Why South Korea is set for a logistics boom
International investors are turning their attention to South Korean logistics as the country’s significant e-commerce market ushers in a new generation of real estate.
At 18 percent, South Korea’s ecommerce penetration rate – the percentage of sales made online compared to all retail sales – is the highest in the world, and is forecast to rise to above 30 percent by 2021. The South Korean e-commerce market stands at over KRW 60 trillion (US$55.7 billion) per annum, and the country is a world leader in broadband infrastructure and connectivity.
But, although South Korea has one of the world’s highest rates of online shopping, many of the country’s warehouses and distribution centres have failed to keep pace with consumer or investor demand.
According to official data, the total stock of South Korean logistics assets over 3,000 square meters in Gross Floor Area (GFA) is around 25 million square meters. Reflecting the lack of investment grade facilities, however, is the fact that only 5 percent of current stock in the key Gyeonggi Province includes buildings over 30,000 square meters in GFA, the typical size for investment grade logistics assets in South Korea.
However, a wave of building and investment has been drawing significant interest and capital from international investors, including GIC, APG, Angelo Gordon, Warburg Pincus and Blackstone.
This weight of foreign capital has been the impetus behind a series of new generation developments and high-specification logistics projects across the country.
South Korea is also the fourth largest third-party logistics (3PL) market in Asia Pacific and is growing at an annual rate of 7.8 percent – faster than Japan, Australia and Singapore.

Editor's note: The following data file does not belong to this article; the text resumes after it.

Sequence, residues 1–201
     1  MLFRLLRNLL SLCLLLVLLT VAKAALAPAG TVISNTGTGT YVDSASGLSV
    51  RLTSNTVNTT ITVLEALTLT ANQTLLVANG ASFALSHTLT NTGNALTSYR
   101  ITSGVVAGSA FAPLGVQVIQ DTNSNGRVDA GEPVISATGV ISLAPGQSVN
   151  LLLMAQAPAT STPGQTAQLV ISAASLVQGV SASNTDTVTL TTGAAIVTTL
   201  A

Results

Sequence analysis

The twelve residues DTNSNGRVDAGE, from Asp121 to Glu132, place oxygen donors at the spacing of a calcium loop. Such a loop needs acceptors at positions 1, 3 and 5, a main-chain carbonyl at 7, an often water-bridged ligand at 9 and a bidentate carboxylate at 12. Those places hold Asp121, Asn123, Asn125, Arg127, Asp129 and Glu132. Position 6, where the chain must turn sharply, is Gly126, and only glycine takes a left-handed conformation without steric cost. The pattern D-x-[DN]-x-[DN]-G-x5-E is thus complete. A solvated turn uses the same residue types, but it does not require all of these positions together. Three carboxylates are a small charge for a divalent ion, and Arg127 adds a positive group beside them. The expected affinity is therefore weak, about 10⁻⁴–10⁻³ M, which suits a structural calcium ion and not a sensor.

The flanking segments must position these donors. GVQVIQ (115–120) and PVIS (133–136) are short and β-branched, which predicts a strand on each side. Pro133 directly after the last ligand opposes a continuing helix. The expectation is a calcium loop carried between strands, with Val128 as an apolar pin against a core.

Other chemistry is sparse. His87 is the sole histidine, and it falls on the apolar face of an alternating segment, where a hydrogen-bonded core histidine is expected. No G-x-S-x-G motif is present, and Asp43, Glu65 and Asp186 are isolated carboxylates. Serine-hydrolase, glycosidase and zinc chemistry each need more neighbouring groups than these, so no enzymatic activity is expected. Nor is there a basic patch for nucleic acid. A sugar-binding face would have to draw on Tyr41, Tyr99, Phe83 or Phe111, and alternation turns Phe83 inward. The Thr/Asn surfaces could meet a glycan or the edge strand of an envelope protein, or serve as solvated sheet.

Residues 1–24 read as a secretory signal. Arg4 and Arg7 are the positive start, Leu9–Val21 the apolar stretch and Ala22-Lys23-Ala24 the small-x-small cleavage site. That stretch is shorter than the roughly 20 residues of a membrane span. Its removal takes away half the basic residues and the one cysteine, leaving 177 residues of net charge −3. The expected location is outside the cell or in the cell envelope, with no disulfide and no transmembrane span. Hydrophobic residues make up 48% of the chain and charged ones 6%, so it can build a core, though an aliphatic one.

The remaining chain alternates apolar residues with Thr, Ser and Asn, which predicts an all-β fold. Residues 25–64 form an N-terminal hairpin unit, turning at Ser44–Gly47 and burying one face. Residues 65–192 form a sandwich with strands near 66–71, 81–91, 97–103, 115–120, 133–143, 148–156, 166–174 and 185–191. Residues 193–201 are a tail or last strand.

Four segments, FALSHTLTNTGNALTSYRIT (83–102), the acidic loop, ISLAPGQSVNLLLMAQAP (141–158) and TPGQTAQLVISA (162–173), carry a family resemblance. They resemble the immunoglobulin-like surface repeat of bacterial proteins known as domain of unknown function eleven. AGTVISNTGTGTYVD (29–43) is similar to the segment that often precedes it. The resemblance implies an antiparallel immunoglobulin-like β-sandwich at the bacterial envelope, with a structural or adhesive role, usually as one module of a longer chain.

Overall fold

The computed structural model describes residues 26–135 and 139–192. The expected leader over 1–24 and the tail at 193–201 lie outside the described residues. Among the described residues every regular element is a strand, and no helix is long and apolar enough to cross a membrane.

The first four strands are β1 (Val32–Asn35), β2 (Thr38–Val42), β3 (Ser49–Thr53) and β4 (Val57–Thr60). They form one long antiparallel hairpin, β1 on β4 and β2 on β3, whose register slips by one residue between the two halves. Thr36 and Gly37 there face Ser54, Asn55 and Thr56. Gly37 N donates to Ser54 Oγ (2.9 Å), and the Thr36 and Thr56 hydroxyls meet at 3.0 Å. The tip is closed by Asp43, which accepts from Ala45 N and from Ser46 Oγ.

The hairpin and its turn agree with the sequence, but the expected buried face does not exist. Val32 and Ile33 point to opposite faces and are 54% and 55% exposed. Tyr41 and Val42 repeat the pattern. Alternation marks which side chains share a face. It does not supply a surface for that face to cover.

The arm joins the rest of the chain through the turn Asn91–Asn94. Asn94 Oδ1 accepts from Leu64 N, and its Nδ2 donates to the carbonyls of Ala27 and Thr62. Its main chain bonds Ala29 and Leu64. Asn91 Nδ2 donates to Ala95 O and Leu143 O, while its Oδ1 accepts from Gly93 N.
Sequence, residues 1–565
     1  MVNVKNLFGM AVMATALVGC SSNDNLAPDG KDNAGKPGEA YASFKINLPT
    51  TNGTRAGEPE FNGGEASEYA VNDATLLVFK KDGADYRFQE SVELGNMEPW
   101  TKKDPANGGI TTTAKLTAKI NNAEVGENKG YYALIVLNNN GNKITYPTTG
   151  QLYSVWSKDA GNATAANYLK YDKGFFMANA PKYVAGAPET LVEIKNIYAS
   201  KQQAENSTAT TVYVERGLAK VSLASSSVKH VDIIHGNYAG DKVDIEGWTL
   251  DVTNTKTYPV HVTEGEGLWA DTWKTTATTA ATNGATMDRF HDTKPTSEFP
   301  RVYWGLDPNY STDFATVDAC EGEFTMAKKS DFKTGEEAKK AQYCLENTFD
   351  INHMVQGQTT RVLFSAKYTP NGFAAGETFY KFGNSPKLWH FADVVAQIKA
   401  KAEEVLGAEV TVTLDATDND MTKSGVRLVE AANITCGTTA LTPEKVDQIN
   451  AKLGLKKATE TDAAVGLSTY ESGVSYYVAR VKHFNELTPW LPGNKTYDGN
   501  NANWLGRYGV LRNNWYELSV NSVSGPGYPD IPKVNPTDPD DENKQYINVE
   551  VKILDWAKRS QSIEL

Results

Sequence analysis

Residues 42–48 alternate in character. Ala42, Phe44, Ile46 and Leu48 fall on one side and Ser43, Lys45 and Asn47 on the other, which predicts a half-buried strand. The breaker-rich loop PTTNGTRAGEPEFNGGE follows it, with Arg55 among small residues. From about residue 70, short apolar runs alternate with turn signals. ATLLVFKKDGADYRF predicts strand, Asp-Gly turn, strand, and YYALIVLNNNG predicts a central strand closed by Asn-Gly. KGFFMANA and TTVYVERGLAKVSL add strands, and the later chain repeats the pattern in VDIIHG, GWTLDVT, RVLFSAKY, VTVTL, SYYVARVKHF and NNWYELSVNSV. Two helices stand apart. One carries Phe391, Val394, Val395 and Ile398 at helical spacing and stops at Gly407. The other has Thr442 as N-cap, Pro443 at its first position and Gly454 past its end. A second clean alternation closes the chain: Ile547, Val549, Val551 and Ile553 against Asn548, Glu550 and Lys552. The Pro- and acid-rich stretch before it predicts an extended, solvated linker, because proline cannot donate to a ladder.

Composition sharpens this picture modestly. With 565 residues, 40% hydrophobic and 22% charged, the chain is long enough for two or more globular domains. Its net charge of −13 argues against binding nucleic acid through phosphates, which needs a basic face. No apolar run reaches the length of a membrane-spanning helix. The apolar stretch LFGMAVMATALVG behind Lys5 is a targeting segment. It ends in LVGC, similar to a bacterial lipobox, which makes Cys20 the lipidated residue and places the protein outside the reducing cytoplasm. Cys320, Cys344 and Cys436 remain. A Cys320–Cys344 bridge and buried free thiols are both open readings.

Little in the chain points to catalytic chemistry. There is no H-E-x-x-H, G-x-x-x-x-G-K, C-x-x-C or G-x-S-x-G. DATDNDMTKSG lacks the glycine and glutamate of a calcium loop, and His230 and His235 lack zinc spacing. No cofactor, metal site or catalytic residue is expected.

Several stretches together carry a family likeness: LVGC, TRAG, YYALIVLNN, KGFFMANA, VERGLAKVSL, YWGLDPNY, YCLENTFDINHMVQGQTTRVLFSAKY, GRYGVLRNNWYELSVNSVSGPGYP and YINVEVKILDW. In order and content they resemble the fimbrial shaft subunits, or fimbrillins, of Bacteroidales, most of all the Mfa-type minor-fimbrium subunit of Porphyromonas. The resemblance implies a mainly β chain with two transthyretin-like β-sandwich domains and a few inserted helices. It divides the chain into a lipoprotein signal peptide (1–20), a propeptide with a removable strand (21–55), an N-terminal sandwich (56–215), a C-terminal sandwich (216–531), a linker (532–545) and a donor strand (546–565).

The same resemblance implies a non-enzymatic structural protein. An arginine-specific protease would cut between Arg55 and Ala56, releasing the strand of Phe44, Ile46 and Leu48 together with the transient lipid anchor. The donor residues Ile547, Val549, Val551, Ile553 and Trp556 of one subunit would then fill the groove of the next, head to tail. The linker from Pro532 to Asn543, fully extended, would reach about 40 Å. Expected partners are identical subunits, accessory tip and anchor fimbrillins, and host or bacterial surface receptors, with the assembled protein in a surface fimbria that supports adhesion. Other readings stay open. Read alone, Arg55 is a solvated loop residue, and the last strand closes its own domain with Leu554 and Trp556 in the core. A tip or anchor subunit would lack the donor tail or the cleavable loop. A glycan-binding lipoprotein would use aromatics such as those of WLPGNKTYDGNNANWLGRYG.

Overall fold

According to Pelham Higgins from JLL’s Industrial Capital Markets team, the South Korean logistics market will continue to create opportunities for international investors.
“The amount of institutional capital now looking to South Korea’s logistics real estate sector resembles the situation some 15 years ago when foreign investors were looking for partners to develop and manage logistics real estate in Japan,” says Higgins, adding that the quality of new logistics facilities in South Korea is also beginning to resemble what top tier developers are launching in Japan.
South Korean logistics yields have compressed since the financial crisis, and today prime logistics yield are around 6.0 percent, in a reflection of growing institutional investor interest, as well as the real estate needs of the ecommerce market. Higgins says development yields are around 8.0 percent NOI for speculative multi-tenant logistics facilities.
With online retail sales predicted to almost double in the next four years, new logistics infrastructure in South Korea is also needed to help fuel the country’s retail markets.
Underscoring the country’s longer-term growth prospects for e-commerce is the fact that per capita e-commerce consumption in South Korea currently stands at around US$600 per year, only half the levels seen in Japan. This leaves huge room for expansion and growing opportunities for international investors.
In addition, the prospect of peace on the Korean Peninsula could, in time, create potential for the country to become a direct land-based logistics corridor into China and even an extension of the One Belt One Road initiative.
If recent moves toward re-unification and trade continue to gather momentum, Higgins predicts the Korean Peninsula could ultimately become “one of the most important logistics corridors in the world.”
Click to read about how peace in Korea could open up a logistics corridor.